What’s Cooking

9 thoughts on “What’s Cooking

  1. Thanks to all the people reponsible for helping refine the cover for October Song. Your feedback was much appreciated – I think it looks fab now! 🙂

  2. One of the lovely Otober Song reviews so far: ‘An absolute piledriver of a dark future thriller that instantly hooks you and doesn’t let go till the end. Horribly believable and utterly compelling.’ Neil Williamson, author of The Moon King & Thirty Years of Rain.

  3. Here’s another fantastic review by a well-known author: ‘October Song reads like a perfectly structured thriller, but filled with the same rage against the political-military establishment that nestled deep in Iain Banks’ heart. Its combination of a gritty noir aesthetic with one of the most chilling depictions of the near-future since Children of Men results in a work of superlative readability.’ Gary Gibson, award-nominated author of Angel Stations and Stealing Light.

  4. Very grateful for this from one of the UK’s bestselling SF authors, Ken MacLeod: ‘A grim and gripping near-future thriller with sharp political edges and scarily plausible projections, rooted in intimate knowledge of real places.’

  5. October Song just got a great few paragraphs in Gary Gibson’s blog, along with the hugely talented Hal Duncan. Gary says: ‘It reminded me of Iain Banks at his fiery best.’ Being something of a fan of Iain Banks, I couldn’t ask for higher praise than that! https://www.garygibson.net/

  6. Just starting to get reviews in of october Song on Amazon. Two so far – both 5 star, which is amazing. From Mr P. Quigley:

    ‘This reads like some previously lost collaboration between Iain Banks & Ken Macleod. It’s a definite page turner, written by someone with extensive geographical knowledge of and love for Argyll
    The characters are well developed and the plot fascinating and fast paced. Numerous twists and turns keep the reader involved & interested. I’ve not spent seven straight hours reading a novel for a very long time, I was engrossed from the first chapter.’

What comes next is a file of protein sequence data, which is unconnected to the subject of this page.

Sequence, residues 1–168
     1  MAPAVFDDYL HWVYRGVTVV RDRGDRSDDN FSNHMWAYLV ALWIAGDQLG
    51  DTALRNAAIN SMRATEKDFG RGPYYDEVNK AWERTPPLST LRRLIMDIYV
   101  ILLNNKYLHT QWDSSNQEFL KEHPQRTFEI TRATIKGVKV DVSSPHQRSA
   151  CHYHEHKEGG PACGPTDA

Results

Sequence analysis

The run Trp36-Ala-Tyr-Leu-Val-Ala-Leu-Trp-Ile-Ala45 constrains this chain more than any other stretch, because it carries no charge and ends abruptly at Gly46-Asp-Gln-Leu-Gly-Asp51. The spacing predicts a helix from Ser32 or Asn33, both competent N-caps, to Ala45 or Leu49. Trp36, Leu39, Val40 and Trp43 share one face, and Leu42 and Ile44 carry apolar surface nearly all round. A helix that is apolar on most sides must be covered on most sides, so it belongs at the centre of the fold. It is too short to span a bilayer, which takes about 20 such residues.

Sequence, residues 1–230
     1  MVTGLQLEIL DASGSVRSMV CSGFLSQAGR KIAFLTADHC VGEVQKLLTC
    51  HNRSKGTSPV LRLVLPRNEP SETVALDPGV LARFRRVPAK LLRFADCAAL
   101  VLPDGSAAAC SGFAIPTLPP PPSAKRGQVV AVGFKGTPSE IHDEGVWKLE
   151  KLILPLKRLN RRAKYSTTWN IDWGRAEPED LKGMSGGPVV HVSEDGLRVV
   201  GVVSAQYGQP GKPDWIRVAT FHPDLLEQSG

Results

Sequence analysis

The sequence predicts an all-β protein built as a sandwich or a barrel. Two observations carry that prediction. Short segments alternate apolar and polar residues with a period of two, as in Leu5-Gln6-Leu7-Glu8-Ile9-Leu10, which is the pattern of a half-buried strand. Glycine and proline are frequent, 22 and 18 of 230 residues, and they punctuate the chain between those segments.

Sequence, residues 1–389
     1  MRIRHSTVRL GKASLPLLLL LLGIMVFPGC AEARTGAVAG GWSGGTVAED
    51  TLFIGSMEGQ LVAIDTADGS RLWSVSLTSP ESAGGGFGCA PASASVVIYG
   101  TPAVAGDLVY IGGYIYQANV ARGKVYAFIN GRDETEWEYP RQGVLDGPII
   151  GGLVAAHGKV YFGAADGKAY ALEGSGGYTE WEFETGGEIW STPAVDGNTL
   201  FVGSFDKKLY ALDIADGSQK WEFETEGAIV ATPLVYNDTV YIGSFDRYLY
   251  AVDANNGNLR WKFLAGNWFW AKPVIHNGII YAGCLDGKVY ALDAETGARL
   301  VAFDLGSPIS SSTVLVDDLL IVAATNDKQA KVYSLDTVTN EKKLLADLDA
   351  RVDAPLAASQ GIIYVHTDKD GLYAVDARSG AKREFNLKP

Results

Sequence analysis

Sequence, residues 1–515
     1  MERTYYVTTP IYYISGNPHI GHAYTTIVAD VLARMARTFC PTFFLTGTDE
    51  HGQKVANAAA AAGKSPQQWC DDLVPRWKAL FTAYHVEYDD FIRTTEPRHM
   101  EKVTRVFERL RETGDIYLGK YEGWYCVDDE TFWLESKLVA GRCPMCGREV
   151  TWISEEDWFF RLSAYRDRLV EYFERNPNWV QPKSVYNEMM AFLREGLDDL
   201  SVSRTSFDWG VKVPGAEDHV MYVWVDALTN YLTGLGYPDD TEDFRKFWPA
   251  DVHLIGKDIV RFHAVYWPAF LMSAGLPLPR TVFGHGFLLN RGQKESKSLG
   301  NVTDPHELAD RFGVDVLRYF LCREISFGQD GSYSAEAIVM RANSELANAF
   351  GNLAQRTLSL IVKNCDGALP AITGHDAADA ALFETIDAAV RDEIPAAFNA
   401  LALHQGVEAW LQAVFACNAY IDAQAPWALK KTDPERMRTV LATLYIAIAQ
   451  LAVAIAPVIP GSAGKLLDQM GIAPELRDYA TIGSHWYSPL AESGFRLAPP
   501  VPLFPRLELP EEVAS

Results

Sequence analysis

From Angela Barron:

    ‘I devoured this novel on holiday. It is action packed and fast paced, keeping you hooked and on the edge of your seat. It has the effect that a really good novel should achieve – it gets you compulsively turning the pages to find out what happens but at the same time you don’t want to reach the end because then the experience will be over. I enjoyed the interesting and 3D characters, especially the lead – as a woman, it’s always refreshing to read a strong, female character. As a pro-indy Scot, it was frankly traumatising and emotional reading! I won’t go into detail to avoid spoilers but it was all a bit horrifyingly believable and of course the places were familiar and beloved. I really only had one small complaint – sex scene, not content wise but perspective wise. I felt that it undermined the strong, female lead because it wasn’t part of her narrative and she suddenly seemed like a supporting actor rather than the protagonist. That said I think the author wrote brilliant female characters, far better than many male authors, so I’m really at the point of being picky because the book does tick all the boxes for me besides this one minor frustration. It’s a blooming good yarn! A book you can disappear into and not notice the hours passing. At just £3.99, it’s great value too.’

  7. Fab review of October Song last Thursday in the Oban Times (7th February):

    ‘In a manner reminiscent of Richard Hannay in John Buchan’s The Thirty Nine Steps, Coira Keir finds herself in Scotland fleeing from forces who would do her harm. But the near-future world depicted here is a lot more complicated than that described by Buchan 100 years ago. Scotland has re-united with the United Kingdom after a period of independence, explosions have detonated and the Secret Service is hot on the trail of the suspects.

    In this highly-charged environment, the West Highlands and Islands offer some hope of avoiding capture, because ‘North of Oban, property crime is no longer looked at by the police.’ Pringle will take readers of this newspaper on a journey through very familiar haunts as the mystery deepens and unexplained events occur, with multiple characters including migrants in a camp. The pace is brisk as drones are deployed in the hunt for escapees from justice.

    Pringle has a background as a journalist, musician and photographer and his descriptions of the Highlands and island landscapes are highly evocative. His well-written novel will engage readers and provoke fear in equal measure. For as Britain as a whole and Scotland in particular stand today on the cusp of a momentous and unclear future, October Song has tapped into this uncertainty and offers a future vision in thriller form which is at the same time highly political and often disturbing.

    Ru Pringle’s October Song is available on Amazon, including the Amazon unlimited Subscription service.’

    Review by Eric MacIntyre.

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